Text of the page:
Capacity issues escalate at Colorado hospitals due to COVID-19, highest level of transfer tier activated

Coronavirus

DENVER (KDVR) — The Colorado Hospital Association says the state’s hospitals and health systems have been moved to the highest tier available to manage patient transfers as hospital capacity concerns grow due to COVID-19.

The CHA said the Combined Hospital Transfer Center was re-activated to Tier 1 in Aug. when COVID-19 hospitalizations started to increase. On Wednesday, the CHTC was moved into Tier 3, the highest tier available.

Hospitalizations are at their highest levels this year in Colorado, with only 900 hospital beds available in the entire state as of Monday.

As part of the CHTC, both COVID-19 and non-COVID-19 patients can be transferred from a hospital that doesn’t have enough capacity or needs to move patients for a different level of care.

“This is an extraordinary step taken by the state’s hospitals and health systems,” said Darlene Tad-y, MD, CHA vice president of clinical affairs. “Even when under immense pressure, the state’s health care system continues to work collaboratively with each other and our partners at the state to ensure the best care possible is available to every Coloradan that needs it. However, activating Tier 3 of the CHTC should send a clear message to Coloradans: our health care system is in jeopardy of being overwhelmed.”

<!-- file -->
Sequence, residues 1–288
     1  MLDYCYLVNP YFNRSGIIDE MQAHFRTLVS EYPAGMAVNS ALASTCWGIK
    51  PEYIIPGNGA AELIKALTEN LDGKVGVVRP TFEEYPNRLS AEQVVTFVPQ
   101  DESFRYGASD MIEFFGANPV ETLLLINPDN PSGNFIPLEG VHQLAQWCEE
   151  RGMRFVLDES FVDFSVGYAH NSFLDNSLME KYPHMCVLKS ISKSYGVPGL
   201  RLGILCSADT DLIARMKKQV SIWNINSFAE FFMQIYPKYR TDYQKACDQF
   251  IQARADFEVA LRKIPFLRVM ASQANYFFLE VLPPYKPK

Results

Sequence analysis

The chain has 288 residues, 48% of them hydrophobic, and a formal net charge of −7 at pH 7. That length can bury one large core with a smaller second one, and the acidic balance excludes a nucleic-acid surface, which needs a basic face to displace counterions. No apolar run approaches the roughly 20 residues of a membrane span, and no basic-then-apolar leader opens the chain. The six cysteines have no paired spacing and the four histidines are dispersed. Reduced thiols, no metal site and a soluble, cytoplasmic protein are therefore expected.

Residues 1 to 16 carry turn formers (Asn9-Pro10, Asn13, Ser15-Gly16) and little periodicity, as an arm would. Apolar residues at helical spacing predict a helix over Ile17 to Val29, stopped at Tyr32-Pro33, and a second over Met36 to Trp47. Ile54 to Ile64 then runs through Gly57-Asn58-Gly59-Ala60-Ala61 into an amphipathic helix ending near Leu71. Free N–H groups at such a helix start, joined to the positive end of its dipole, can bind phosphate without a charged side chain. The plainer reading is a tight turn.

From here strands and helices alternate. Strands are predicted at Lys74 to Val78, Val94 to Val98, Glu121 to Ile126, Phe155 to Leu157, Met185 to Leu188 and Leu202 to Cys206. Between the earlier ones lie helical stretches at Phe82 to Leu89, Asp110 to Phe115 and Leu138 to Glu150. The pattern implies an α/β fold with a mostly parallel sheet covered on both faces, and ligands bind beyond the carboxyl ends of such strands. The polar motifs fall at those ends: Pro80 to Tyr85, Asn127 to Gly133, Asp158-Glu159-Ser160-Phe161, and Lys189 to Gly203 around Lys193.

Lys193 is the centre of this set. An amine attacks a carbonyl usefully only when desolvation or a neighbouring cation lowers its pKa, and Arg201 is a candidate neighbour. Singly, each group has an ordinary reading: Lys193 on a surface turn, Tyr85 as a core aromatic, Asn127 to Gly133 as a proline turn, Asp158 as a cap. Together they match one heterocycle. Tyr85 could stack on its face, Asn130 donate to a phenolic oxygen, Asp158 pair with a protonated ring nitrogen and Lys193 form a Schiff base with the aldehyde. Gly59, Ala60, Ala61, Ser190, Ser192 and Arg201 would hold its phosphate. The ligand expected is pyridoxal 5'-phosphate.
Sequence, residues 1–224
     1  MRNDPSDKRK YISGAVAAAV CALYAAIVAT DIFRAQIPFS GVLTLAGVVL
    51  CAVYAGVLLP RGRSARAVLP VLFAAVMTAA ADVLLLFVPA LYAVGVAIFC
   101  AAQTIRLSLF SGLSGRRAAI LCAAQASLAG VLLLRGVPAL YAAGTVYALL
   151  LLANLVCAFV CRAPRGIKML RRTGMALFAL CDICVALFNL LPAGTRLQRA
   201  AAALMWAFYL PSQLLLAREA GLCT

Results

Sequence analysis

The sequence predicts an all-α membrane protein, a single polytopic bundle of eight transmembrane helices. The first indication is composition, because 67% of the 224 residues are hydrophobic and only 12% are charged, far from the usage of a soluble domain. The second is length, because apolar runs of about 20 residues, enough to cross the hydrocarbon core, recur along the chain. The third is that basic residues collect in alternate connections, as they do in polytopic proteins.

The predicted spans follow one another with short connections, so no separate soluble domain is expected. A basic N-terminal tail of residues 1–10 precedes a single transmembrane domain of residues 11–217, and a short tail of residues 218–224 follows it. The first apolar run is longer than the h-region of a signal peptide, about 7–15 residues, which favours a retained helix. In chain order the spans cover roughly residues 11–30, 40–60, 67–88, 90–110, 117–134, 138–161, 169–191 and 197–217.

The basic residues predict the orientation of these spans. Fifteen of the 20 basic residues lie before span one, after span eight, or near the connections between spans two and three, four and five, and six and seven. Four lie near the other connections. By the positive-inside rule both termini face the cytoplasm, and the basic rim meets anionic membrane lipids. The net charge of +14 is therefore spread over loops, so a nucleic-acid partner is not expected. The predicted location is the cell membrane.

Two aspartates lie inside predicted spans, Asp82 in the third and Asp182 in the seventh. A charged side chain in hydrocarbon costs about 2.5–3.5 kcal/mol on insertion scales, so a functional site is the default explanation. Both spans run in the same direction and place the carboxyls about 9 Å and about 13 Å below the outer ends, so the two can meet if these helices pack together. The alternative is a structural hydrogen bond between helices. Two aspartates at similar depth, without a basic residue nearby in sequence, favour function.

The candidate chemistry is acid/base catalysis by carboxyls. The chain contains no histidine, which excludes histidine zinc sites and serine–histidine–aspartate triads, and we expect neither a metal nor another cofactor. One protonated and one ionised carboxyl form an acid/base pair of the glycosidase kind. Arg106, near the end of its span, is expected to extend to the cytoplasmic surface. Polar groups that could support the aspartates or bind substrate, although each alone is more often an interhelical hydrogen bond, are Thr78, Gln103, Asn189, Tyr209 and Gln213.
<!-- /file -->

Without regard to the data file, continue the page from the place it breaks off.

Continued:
Tier 3 of the CHTC escalates the reach of the transfer center from an individual hospital or regional level to the statewide level, creating a single point of contact for any hospital in the state that needs to transfer patients due to capacity concerns.

The CHA said this transfer system is bi-directional, allowing hospitals to load-level capacity by sending sicker patients to medical centers with more specialized care resources and moving recovering patients to hospitals with available space and staff.

“Our frontline health care workers and hospitals need everyone’s help to get through this. Please continue to wash your hands, wear a mask, and watch your distance when out in public, and, if you’re able, get a COVID-19 vaccine. It’s also crucial that individuals continue to seek health care at the right level, the right time, and the right place. The best solution for our capacity issues right now is to lower the number of COVID-19 hospitalizations, and we need help from all Coloradans to do that,” shared Tad-y.

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